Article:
South Carolinians believe in America and in our responsibility to protect the principles and people that make this country great.
That's why the people of South Carolina are so proud of the more than 65,000 active duty, Reserve and National Guard troops stationed at the 12 U.S. military installations spread throughout our state.
Nothing is more important than keeping American citizens and families safe. That's why South Carolina's representatives in Congress consistently support the defense programs that protect our country and deter those who would threaten American safety or that of our allies.
Chief among the proven assets that will provide that protection in the years ahead is the future-focusedF-35 "Lightning II."
The multi-role F-35 fighter represents a tremendous step forward in our ability to effectively protect our country against threats. It will revolutionize the Western alliance fighter fleets and provide more flexibility and options as we work together with our allies. With advanced stealth capabilities and a fully integrated sensor system, F-35 pilots can fly deep into hostile airspace undetected, engage and defeat those who threaten us, and return home safely.
The most important impact of the F-35 program is to better equip our military professionals. But the program also is creating American jobs, in fact long-term American careers. These are high-technology aerospace jobs that give American workers the training and skills they need to continue innovating throughout their careers. Even at its current low rate of production, the F-35 is already significantly enhancing the U.S. economy. With more than 1,350 suppliers in 45 states, the F-35 program is directly and indirectly supporting jobs for more than 133,000 people, with a total economic impact of$17.7 billion this year.
Moreover, as the program ramps up to full production over the next few years, Shaw Air Force Base-McEntire Joint National Guard Base and Marine Corps Air Station Beaufort are on course to have F-35s based at their installations. That will provide real, measurable benefits to the state's economy.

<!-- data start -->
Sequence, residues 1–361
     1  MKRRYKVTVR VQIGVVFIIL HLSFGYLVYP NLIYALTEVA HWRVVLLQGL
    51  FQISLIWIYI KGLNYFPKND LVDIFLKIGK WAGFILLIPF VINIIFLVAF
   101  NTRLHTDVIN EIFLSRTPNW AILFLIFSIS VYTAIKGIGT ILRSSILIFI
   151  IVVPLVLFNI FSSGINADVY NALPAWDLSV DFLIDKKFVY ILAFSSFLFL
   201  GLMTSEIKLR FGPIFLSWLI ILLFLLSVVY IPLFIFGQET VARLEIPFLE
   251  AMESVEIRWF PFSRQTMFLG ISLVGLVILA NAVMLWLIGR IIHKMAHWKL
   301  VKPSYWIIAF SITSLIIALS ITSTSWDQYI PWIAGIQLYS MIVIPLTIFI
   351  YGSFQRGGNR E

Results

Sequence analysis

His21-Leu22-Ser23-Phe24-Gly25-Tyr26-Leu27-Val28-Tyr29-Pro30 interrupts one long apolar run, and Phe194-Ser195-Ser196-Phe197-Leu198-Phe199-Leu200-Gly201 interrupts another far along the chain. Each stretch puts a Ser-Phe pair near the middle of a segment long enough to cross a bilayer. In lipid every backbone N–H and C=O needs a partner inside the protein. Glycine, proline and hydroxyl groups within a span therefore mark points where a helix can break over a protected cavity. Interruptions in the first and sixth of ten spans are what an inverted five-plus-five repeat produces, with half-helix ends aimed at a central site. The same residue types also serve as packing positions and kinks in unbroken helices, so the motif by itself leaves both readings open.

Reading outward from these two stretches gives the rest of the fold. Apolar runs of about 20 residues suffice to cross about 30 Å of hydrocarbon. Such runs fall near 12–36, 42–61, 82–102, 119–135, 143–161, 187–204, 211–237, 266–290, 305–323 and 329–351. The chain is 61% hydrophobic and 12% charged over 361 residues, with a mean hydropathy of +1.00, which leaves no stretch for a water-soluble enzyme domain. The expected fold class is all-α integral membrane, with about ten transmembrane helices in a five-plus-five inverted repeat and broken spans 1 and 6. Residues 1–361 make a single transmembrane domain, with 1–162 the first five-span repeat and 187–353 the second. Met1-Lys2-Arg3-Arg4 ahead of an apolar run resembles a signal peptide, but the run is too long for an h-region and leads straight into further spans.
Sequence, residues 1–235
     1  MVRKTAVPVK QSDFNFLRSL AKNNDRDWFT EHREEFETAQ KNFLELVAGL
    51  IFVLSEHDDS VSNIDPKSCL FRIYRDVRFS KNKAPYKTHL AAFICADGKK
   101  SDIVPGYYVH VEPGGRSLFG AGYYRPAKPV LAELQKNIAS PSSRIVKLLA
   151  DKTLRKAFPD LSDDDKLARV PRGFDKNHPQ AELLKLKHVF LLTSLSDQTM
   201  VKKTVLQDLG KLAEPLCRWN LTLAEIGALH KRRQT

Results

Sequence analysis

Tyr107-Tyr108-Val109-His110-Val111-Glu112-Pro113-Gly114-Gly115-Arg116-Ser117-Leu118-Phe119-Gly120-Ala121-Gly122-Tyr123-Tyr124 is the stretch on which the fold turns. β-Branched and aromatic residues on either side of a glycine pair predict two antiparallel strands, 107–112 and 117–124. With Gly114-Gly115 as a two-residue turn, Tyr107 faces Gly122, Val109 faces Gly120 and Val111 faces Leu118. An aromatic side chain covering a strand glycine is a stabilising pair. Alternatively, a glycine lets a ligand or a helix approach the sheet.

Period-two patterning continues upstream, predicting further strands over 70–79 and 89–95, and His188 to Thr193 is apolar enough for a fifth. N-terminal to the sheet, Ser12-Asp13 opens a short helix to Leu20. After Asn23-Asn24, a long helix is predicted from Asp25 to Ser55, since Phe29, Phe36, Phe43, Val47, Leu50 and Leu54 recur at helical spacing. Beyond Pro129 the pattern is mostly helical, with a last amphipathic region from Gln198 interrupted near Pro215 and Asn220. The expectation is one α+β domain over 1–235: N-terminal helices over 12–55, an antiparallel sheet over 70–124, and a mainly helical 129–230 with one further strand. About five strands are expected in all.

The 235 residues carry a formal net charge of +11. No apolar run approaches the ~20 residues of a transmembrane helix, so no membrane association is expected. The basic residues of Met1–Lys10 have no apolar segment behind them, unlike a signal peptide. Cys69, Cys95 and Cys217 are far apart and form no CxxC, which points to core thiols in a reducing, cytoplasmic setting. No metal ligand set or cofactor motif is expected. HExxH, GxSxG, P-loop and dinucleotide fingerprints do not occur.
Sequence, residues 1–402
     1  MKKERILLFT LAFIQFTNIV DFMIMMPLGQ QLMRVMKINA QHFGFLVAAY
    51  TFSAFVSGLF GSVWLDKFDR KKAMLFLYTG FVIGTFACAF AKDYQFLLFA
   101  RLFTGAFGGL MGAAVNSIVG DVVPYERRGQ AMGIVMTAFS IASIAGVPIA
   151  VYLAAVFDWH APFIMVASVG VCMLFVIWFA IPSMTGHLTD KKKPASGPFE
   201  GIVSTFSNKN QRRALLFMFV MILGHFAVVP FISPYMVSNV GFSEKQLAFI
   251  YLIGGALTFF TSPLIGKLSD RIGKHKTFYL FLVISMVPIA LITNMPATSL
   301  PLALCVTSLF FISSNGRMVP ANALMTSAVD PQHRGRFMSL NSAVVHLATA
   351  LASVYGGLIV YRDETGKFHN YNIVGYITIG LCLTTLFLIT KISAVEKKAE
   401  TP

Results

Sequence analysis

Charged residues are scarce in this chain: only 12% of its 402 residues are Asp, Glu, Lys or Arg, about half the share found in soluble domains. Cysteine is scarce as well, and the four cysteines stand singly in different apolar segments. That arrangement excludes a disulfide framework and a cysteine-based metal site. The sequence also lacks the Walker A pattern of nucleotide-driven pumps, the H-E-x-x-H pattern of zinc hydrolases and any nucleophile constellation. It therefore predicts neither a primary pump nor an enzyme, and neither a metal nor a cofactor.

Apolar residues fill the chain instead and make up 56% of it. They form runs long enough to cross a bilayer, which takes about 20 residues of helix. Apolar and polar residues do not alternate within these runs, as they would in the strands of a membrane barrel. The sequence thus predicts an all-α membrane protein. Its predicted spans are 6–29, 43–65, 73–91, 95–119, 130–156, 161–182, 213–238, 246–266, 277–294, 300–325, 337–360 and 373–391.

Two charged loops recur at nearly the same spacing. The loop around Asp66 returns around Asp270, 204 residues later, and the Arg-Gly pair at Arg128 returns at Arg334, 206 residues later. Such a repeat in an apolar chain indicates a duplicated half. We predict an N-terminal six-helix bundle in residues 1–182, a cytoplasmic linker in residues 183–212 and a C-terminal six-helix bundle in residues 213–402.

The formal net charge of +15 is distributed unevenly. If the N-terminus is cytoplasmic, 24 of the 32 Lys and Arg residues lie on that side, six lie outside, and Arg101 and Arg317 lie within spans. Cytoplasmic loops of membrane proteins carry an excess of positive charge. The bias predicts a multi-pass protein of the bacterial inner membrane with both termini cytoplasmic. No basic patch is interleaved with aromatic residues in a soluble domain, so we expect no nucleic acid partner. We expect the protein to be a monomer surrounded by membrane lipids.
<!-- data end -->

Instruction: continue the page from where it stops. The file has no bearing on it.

With the potential to provide such significant benefits to the security of our nation, the effectiveness of our military, and the economic stability of our state, one might think such a program would garner widespread and unwavering support. Unfortunately, that is in doubt.
The Budget Control Act of 2011 placed the Defense Department on a path to reduce spending by$487 billion. Most Americans realize the fiscal pressures our nation faces and think that defense budgets should not be exempt from well thought-out cuts. As Sen. Lindsey Graham has correctly stated, Congress "should place Defense Department spending under the microscope with a goal of achieving $400 billion-plus in savings over the next decade. This is a difficult, but achievable task.
Of course, we can all agree with Sen. Graham that in difficult economic times, there is a place for reasonable, common-sense budget cuts. I fear, however, that current proposals fail to deliver on either count. The "sequestration" process established last year by the Budget Control Act could lead to a further round of dangerous defense cuts in January 2013. Unless Congress and the president act to cancel it, defense spending will be reduced by an additional $500 billion over the next 10 years.
The simple fact is that if sequestration occurs, all defense programs will be impacted with scarce consideration for the consequence. Common sense demands that a distinction be made between wasteful and warranted spending.
Ask yourself: With so much uncertainty across the globe; with threats anew from unpredictable nations, is now the time to be making such draconian cuts to our national defense?
As former commander of Central Command Air Forces for Operation Enduring Freedom, as well as Operation Iraqi Freedom, and as the 18th chief of staff of the Air Force, I have a firsthand understanding of the crucial importance of effective programs, such the F-35.
You might believe -- like most Americans -- that Democrats and Republicans can't agree on anything these days. However, on the issue of sequestration and defense cuts, there can be -- I believe there must be -- bipartisan agreement between Congress and the administration. This is one cut that will have severe and lasting consequences at a time America can ill afford it.
T. Michael Moseley, a retired U.S. Air Force general, was the 18th chief of staff of the Air Force until 2008. Moseley is a consultant to Lockheed Martin, the primary contractor for the F-35.